According to Jim Trotter, an NFL.com Columnist, “the National Football League has a long and troubled history when it comes to race and head coaches” and of the thirty-two (32) NFL teams, “13 franchises had never hired a Black non-interim head coach and 11 others had only installed one.”
American professional sports have an interesting history in Court and in Congress. Major League Baseball, for example, is exempt from anti-trust law because the Supreme Court Justices who decided Federal Baseball Club of Baltimore, Inc. v. National League of Professional Baseball Clubs really enjoyed the sport and did not want to upset fans by putting limits on America’s national past time. This seems silly, but many would agree that on the law the Court there was wrong, and came down with its decision to keep the fans happy, but that did not stop Congress from codifying the anti-trust exemption. Today, however, a different league, the National Football League, is being brought into Court by Brian Flores, ex-head coach of the Miami Dolphins, following his allegations of disparate treatment in hiring Black head coaches.
Typically, it is quite hard to get professional sports leagues into Court because of collective bargaining agreements (“CBA”), which set terms and agreements and have provisions stating that disputes of those terms and agreements must be arbitrated, meaning they will be decided by a private panel, and not allowed in Court. The case by Brian Flores, a class action, in fact, is not subject to the CBA despite being tied to the conditions and terms of employment set out in the CBA because employees cannot contract to waive their right to be free of discrimination. Because it is not covered by the CBA, the NFL is subject to federal jurisdiction and has chosen the Southern District of New York as the forum.
Flores’ extensive complaint is rife with evidence and statistics regarding the low number of Black NFL coaches. For one, the complaint notes that of the thirty-two (32) NFL teams, only one employs a Black head coach. Counterpose that to player make up; approximately 70% of all NFL players are Black. The complaint alleges that the NFL has discriminated against Black head coach applicants in violation of §1981, but does not bring allegations based on a common discrimination statute, Title VII. §1981 is more explicitly tied to race, and, specifically, makes illegal discriminatory preference given to whites in contract formation. The complaint does, however, mention an intent to bring in Title VII claims at a later time, once the Equal Employment Opportunity Commission has fulfilled the administrative pre-requisites to allow Flores to bring a Title VII claim.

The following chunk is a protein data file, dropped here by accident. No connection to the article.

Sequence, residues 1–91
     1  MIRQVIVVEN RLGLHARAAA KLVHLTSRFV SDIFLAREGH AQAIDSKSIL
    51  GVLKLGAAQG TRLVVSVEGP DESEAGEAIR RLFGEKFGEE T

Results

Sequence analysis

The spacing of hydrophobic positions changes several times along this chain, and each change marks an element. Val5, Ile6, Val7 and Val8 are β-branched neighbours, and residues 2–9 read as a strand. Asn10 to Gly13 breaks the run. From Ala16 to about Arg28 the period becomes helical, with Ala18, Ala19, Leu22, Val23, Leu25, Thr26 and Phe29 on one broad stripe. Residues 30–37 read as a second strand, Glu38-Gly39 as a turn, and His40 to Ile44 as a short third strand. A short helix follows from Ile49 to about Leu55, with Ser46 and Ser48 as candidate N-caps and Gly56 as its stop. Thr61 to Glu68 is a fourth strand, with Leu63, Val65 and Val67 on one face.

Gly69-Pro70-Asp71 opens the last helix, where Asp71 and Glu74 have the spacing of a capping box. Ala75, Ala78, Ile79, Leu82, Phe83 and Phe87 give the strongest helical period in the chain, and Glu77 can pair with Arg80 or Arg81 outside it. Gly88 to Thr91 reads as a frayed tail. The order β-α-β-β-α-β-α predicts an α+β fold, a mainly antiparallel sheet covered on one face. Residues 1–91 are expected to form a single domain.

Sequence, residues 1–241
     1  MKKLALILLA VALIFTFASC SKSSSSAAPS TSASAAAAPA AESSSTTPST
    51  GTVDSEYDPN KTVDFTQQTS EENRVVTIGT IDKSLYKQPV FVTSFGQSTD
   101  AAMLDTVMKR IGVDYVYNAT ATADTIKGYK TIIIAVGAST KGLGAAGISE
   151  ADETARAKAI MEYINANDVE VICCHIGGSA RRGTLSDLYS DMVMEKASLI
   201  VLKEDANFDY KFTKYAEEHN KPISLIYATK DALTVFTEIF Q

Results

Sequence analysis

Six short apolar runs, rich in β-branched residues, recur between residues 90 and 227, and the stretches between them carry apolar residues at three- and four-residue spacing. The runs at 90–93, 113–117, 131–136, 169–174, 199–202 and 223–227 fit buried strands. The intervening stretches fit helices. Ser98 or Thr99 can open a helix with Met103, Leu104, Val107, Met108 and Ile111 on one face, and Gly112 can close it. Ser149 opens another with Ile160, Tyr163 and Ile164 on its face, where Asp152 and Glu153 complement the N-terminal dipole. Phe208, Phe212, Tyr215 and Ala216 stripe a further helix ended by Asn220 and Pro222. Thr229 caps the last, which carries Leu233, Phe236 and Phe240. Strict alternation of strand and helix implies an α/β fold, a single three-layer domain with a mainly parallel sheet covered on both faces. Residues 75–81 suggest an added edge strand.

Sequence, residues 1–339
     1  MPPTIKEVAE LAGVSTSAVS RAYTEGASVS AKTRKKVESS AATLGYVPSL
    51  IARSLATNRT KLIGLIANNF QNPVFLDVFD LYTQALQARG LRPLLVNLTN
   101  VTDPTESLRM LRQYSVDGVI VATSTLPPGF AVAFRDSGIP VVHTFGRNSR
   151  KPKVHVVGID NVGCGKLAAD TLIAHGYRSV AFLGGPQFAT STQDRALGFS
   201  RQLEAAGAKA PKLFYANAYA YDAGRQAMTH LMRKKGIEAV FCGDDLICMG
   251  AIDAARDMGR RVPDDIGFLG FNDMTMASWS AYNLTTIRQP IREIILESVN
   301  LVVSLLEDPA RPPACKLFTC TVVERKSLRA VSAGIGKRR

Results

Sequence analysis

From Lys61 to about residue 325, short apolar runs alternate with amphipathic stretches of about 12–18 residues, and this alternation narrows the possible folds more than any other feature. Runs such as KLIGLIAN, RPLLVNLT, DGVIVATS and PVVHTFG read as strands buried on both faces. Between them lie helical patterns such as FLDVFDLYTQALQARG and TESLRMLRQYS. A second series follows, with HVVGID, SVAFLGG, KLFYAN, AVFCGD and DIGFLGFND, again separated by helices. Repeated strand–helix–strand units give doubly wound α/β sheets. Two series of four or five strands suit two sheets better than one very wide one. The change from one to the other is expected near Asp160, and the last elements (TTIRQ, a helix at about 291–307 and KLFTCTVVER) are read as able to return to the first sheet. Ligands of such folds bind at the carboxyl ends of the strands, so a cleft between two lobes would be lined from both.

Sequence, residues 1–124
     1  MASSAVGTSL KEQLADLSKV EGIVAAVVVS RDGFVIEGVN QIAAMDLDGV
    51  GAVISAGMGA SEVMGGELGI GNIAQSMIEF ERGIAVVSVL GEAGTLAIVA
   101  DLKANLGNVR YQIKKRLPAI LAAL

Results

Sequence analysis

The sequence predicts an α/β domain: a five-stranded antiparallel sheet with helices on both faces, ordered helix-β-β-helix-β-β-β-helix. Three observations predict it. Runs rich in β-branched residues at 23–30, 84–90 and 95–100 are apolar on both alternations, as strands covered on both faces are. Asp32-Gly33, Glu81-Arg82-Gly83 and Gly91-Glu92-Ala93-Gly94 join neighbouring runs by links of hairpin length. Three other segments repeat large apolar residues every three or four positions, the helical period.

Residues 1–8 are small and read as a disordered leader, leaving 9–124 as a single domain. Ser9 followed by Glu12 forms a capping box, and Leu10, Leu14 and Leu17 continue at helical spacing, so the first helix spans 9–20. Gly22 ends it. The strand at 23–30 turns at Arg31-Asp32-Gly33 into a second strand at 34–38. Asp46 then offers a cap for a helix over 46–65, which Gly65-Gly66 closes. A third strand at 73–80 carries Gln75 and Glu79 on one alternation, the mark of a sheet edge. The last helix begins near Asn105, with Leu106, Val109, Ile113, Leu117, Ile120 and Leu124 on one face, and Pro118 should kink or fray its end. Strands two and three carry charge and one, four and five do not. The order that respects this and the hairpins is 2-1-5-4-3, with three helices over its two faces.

Statistically, Flores has made a great showing of racial disparity, and this discourse is not new, Lebron James in 2018 said that NFL owners are ‘old white men’ with a ‘slave owner mentality.’ This sentiment drew some criticism then, but seems to have been vindicated with time, though the outcome of Flores’ case is yet to be seen. At the very least, Flores’ complaint exposes a pattern and practice of discrimination that, whether purposeful or not, should be reversed.
Under §1981, a plaintiff has the burden of showing that non-white “persons” are not given the same opportunity to “make and enforce contracts” as white “citizens.” In this particular case, the distinction between persons and citizens is not really at issue. There are two main claims brought in the complaint, one that Black applicants have not had the same opportunity as white applicants to contract to be head coaches of NFL teams. That is the ‘make,’ but there are also claims on the ‘enforce contracts’ where Flores claims that the NFL has engaged in “discriminatory retention practices and/or termination decisions.” Essentially, Flores claims that Black applicants have a higher bar in actually getting the job, but once hired, they face more discrimination and more scrutiny which, ultimately, leads to greater levels of discipline and termination for Black coaches.
As noted above, Flores’ complaint is a class action, and brings in, as class members, all Black applicants for head coaches, offensive and defensive coordinators, quarterback coaches, and general managers. It seems likely that the Court will not certify this class, and will hold that the positions are not so similar as to entertain a class action, but that will not revoke the merits of any claimant’s accusations of personal discrimination. Regardless, Flores’ complaint has brought about significant media attention, and serves to show a growing discontent with the disparity between Black and white coaches and applicants.
If you feel you have been discriminated against at work, contact one of our employment attorneys today.
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